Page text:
You might have heard recently that there was a major change in Australia's news companies - the merger between Nine and Fairfax Media. So what exactly are these two businesses? How does a merger occur? And what will happen with Australian media from now on?
Here's a quick recap.
The merger was officially announced on the 26th July 2018. It took a lot of people by surprise, and means different things to different groups. So, firstly, what is a merger?
A merger is a situation where one or more businesses/corporations agree to join, to become one bigger business. Usually, mergers occur because both (or more) businesses feel like they can all benefit from the change. However, just because the two businesses agree to the merger doesn't mean that they'll both have equal power in the new, big business.
Nine and Fairfax agreeing to merge
Note: although this situation has officially been called a "merger," many others are saying that it is a "takeover". A takeover involves a large company buying a much smaller one. To be honest, the Nine-Fairfax joining has the characteristics of both a merger and a takeover.
For example, the decision was made based on agreement from both sides, and although Nine has slightly more power, the two groups are almost equal. However, these are the other main conditions of the merger agreement:
Technically, Nine will be the dominant partner, owning a larger share of the new, merged company
The new business will be led by Nine's current chief executive, Hugh Marks, as well as Nine's current chairman, Peter Costello (fun fact about Costello: he's a former federal treasurer of Australia!)
The name "Fairfax Media" will be erased.
The last point - that the name itself of Fairfax Media will be lost - is the part which has gotten the strongest public reaction. To understand why, let's look at exactly what kind of companies Nine and Fairfax Media are.
What is Nine?
Fully known as "Nine Entertainment Company Holdings Ltd.", Nine is an Australian media company. You probably know it most commonly through Nine News, or the Nine Network. But the company as a whole actually created and owns a huge bunch of different TV channels and digital media. They include:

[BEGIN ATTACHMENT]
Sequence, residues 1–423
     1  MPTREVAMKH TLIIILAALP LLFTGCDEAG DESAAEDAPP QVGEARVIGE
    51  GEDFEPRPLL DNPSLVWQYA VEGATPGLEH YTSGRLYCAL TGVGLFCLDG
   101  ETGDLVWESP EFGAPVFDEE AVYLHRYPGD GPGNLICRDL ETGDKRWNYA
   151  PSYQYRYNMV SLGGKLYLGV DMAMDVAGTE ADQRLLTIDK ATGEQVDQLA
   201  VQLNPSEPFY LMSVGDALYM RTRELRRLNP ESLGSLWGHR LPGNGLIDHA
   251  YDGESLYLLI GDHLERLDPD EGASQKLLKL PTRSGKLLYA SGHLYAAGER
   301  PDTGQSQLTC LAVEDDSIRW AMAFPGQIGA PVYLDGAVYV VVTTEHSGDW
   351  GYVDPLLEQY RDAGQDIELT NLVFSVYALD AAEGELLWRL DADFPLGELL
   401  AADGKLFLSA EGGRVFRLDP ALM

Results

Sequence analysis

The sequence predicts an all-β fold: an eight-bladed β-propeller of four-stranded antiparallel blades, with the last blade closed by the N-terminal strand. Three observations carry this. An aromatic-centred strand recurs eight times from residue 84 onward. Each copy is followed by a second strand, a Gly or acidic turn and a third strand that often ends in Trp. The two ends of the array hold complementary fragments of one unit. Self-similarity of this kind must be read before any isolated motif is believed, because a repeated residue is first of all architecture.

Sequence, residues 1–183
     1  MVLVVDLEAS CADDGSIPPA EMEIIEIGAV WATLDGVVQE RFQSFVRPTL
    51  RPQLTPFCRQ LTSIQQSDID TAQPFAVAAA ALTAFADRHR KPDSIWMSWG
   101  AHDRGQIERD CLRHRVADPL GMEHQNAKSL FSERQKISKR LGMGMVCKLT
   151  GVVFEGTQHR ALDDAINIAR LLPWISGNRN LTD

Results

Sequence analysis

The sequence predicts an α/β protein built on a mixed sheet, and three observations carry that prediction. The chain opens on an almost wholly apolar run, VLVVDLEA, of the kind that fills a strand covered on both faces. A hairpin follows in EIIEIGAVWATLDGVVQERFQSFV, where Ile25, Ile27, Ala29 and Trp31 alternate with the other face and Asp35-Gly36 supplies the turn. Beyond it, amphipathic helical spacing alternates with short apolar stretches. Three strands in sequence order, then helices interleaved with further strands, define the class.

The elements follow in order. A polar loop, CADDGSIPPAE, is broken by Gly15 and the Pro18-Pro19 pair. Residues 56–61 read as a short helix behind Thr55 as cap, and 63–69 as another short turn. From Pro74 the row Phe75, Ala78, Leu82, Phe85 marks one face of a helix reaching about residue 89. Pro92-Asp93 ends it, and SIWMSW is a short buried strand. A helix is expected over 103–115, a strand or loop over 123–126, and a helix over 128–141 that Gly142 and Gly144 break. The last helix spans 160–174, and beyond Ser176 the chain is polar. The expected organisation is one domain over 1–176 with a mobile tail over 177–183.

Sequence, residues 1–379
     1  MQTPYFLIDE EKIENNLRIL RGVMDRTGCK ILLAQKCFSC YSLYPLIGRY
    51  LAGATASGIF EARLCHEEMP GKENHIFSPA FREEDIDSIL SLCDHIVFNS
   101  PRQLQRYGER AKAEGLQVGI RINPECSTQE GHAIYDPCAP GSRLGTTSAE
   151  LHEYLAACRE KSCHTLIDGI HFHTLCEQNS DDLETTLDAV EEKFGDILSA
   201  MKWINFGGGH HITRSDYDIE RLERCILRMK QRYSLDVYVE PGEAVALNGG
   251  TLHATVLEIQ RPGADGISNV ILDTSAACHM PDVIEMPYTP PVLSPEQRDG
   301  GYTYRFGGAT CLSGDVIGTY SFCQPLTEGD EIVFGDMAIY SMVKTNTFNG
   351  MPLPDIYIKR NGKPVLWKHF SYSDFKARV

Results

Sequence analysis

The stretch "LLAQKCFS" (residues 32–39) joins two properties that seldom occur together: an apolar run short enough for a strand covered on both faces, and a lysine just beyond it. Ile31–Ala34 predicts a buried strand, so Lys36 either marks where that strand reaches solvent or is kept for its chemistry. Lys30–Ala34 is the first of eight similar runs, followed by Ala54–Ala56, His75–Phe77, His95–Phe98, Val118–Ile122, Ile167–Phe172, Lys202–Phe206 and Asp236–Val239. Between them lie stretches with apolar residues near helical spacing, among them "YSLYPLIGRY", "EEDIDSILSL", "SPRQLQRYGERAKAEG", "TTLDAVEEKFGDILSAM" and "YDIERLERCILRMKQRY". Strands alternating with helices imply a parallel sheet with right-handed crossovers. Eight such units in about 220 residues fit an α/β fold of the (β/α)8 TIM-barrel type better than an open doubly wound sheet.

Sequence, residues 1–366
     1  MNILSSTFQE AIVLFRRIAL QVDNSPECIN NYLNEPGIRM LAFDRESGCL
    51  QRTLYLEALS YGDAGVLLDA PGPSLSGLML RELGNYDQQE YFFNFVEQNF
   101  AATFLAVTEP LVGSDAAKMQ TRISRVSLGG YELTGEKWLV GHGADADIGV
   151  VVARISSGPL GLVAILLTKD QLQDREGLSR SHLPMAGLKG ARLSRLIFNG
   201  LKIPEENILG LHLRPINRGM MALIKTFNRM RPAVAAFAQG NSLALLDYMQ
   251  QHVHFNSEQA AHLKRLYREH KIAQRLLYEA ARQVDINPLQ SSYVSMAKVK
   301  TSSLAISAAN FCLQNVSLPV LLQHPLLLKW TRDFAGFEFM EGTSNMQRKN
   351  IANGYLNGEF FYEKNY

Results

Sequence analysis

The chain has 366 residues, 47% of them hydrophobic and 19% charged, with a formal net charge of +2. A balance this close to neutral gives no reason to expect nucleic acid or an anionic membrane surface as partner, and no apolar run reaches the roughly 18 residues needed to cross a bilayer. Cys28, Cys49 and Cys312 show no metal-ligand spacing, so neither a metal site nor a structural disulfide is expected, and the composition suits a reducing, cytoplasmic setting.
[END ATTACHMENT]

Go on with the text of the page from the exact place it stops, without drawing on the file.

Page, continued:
Nine Network - the primary TV channel
9Gem, 9Go!, 9Life - more TV channels aimed at different audiences
Nine.com.au, 9News.com.au - websites for online news
50% of ownership in Stan - the online Australian streaming service
(Another interesting fact: Nine has joint ownership of Stan with Fairfax Media, each owning 50%).
So, that's what we mean by "Nine."
What is Fairfax Media?
Fairfax Media is also a large Australian media company. You might be surprised to hear exactly what Fairfax owns:
Newspapers, like The Sydney Morning Herald, The Age, The Australian Financial Review and the Sun-Herald
Fairfax Digital - an online branch which publishes web editions of its newspapers (e.g. smh.com.au)
Domain - a real estate advertising website
50% of ownership in Stan
The merger of Nine and Fairfax together will be worth around $4 billion.
Note: despite the agreement between the companies themselves, this decision still needs to be approved legally. However, most experts are saying that the merger obeys the law, and is unlikely to be blocked from actually coming into place.
With all this in mind, is this merger a good or bad thing?
What's Nine (and Fairfax) saying?
When the merger was announced, obviously both Nine and Fairfax Media said that the decision was a good one. Hugh Marks (Nine's CEO, remember?) said that the decision would create a strong business that would reach more than half of Australians, through TV, online, print and radio media. Marks also said that the bigger company would create a bigger platform for advertisers.